HawkStrong: Nature’s beauty featured in Nancy Knapp’s artwork
HFC alumna Nancy Knapp once described herself as a “weekend artist.”
“I was working full-time and raising a family. Sunday was the only day I had the energy and time to devote to my art,” recalled Knapp, of Caseville, at the northern tip of Michigan’s thumb.
She got serious about her artwork after retiring more than a decade ago from the Department of Corrections Probation Office in Lincoln Park, where she worked for 33 years as a clerical supervisor.
“I paint for several hours a day, five days a week,” said Knapp. “In the winter, I paint in a small studio in my home. All my pastels are laid out on table. I work from photos I’ve taken in this area. Being an artist, you see the world differently. You see colors differently. It becomes ingrained in you.”
HFC sparked her interest in art
The eldest of three daughters, Knapp was born in Detroit and graduated from Allen Park High School. She studied art at HFC (then called Henry Ford Community College). Knapp has been married to David, a retired police officer who also attended HFC, for more than 45 years. Their two children, Michelle and Christopher, also attended HFC.
“I wanted to take some classes, and I was interested in art. I started out with a 2-D design class and loved it. I took an art history class next and stuck with it, just one after the other. I ended up taking drawing, painting, ceramics, color theory,” she recalled. “I really enjoyed my time at the College. The teachers were very good. They really sparked my interest.”
Knapp completed additional coursework in art at other regional schools. She regrets she wasn’t able to finish her bachelor’s degree.
“I was working full-time. My husband worked the opposite shift. It was hard going to school, raising a family, and working full-time. Had they had online classes back in the early 1980s, things would’ve been different. But I might go back. It isn’t over yet,” she said.
Plein air painting
After she retired, Knapp joined several art organizations in the Downriver area, including the Downriver Council for the Arts (DCA) in Wyandotte. She taught art at the DCA for five years.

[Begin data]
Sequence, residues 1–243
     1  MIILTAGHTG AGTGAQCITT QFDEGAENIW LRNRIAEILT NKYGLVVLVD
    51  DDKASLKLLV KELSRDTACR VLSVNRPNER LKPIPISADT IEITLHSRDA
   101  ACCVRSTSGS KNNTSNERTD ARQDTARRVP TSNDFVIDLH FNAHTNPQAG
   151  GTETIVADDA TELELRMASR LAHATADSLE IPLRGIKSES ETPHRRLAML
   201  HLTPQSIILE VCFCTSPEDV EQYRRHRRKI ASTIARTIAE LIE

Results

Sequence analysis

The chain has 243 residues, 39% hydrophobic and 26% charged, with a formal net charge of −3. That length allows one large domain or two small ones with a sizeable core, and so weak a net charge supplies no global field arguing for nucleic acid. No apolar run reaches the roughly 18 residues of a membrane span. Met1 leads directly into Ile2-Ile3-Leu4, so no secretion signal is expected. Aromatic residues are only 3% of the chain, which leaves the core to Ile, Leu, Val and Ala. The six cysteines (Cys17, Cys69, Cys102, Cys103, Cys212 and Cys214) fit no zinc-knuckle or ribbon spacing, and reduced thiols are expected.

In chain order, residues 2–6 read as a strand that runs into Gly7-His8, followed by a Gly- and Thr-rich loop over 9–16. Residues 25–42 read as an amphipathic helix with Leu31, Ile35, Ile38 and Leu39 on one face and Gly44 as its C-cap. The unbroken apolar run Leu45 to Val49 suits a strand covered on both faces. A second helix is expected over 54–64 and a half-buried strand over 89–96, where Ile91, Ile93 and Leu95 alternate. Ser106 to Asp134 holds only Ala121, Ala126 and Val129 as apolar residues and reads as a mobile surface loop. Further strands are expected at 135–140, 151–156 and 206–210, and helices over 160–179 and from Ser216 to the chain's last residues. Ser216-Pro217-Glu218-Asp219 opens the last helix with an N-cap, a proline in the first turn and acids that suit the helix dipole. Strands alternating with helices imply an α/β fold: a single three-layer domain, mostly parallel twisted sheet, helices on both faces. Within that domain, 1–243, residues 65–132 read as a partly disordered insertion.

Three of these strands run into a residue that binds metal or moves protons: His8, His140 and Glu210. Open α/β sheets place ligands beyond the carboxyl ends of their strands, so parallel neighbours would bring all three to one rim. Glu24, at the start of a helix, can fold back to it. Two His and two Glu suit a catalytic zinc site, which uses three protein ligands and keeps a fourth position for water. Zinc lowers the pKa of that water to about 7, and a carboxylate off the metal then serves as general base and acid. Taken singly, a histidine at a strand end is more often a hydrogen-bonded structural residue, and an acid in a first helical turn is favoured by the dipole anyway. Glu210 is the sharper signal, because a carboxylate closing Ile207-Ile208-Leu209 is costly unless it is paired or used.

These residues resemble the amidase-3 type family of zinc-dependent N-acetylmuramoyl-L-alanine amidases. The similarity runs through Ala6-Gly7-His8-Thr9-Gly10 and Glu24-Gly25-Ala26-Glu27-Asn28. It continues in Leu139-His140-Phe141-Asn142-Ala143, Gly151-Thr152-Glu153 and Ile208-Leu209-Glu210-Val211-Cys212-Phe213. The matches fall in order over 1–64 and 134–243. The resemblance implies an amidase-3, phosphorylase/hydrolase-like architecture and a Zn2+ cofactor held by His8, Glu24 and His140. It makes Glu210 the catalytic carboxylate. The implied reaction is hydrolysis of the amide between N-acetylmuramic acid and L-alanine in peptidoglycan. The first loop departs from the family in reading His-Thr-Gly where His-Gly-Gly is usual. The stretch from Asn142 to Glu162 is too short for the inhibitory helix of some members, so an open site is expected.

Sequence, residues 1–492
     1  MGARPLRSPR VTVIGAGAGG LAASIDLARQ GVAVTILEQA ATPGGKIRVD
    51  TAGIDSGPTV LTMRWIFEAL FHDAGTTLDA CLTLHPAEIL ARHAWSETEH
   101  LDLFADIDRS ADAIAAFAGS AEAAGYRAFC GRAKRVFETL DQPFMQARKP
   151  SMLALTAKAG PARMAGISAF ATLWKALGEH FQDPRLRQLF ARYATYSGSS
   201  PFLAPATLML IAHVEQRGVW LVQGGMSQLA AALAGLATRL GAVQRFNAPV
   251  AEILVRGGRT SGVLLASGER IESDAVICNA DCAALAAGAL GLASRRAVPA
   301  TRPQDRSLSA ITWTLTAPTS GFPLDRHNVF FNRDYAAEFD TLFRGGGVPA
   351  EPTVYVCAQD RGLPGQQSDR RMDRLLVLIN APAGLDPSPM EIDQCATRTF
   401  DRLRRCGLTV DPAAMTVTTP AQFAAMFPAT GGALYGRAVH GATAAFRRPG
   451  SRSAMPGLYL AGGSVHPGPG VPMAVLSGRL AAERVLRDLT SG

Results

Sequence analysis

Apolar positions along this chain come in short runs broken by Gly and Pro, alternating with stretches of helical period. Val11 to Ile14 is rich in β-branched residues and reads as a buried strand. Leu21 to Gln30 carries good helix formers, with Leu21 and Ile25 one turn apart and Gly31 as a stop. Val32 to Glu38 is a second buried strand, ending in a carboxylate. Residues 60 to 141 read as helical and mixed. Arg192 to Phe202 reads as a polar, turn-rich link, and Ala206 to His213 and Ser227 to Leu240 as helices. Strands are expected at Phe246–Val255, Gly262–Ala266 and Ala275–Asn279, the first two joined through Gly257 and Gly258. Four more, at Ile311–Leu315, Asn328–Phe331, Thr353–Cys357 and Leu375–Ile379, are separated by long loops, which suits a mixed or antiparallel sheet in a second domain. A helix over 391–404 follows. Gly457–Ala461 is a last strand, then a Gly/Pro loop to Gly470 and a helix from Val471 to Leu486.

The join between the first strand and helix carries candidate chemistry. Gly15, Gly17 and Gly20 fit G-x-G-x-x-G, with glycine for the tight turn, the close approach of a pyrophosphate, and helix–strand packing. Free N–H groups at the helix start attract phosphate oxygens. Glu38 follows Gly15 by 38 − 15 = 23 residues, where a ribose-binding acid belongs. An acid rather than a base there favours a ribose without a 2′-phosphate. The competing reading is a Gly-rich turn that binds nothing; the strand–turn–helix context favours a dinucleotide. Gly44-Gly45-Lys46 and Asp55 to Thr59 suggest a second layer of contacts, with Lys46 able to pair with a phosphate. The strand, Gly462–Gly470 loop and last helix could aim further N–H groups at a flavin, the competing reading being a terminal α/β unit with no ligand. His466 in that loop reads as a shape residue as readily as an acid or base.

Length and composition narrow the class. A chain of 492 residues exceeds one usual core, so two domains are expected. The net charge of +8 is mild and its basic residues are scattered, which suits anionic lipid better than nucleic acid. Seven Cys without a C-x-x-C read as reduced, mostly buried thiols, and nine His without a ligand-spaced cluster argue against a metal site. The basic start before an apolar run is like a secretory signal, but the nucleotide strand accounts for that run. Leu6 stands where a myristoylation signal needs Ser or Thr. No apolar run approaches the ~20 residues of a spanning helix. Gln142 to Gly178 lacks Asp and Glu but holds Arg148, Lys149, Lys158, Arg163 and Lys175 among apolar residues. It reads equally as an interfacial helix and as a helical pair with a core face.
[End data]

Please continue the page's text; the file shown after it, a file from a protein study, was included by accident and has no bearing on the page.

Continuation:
It was through the DCA that Knapp learned about plein air painting, which is painting outdoors, setting up your easel and painting directly what you see in front of you.
“If it’s a nice day out, I’ll do plein air in the winter. I enjoy being out in nature and painting,” she said. “I love painting landscapes, especially since we are surrounded by so much natural beauty here. We moved to this area in 2020 after living in Woodhaven. It’s really pretty here.”
Her preferred medium is pastels.
“They are wonderful. I love strong colors,” she said. “Pastels are pure pigment with a binder holding them together in stick form. They’re really pure. I tried other mediums – oils and watercolors – but I like pastels best because it’s drawing and painting at the same time. Pastels are not chalk, but pigment in stick form.”
Influences and teaching
Influences on her work include artists such as John Carlson, the Group of Seven (a group of seven Canadian landscape painters), Casey Klahn, Marla Baggetta, and Wayne Thiebaud.
“I was really drawn to the strong colors they used in their landscape portraits,” she said. “I’m an outdoors person and happy being outside. Landscapes are my passion.”
Knapp’s artwork has been showcased in the Lemon Tree Marketplace in Caseville. Every Saturday morning during the summer months, she is set up at the Market on Main in Caseville.
She also teaches art at the Pigeon District Library in Pigeon.
“I love it. I always said I learn as much from my students as I do from teaching them,” said Knapp. “It makes me happy to see they’re happy with their work or if they have had a lightbulb moment. It’s very fulfilling. I’ve made some great friendships through my teaching.”